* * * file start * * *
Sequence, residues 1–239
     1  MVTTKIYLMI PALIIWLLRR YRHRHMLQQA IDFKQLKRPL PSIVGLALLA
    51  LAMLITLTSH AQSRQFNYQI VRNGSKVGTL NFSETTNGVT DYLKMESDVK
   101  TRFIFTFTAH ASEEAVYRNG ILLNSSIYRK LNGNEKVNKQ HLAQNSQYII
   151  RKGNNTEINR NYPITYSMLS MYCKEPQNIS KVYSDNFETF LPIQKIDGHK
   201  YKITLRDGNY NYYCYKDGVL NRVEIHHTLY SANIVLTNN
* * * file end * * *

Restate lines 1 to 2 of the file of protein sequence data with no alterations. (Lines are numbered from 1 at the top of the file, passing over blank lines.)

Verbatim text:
Sequence, residues 1–239
     1  MVTTKIYLMI PALIIWLLRR YRHRHMLQQA IDFKQLKRPL PSIVGLALLA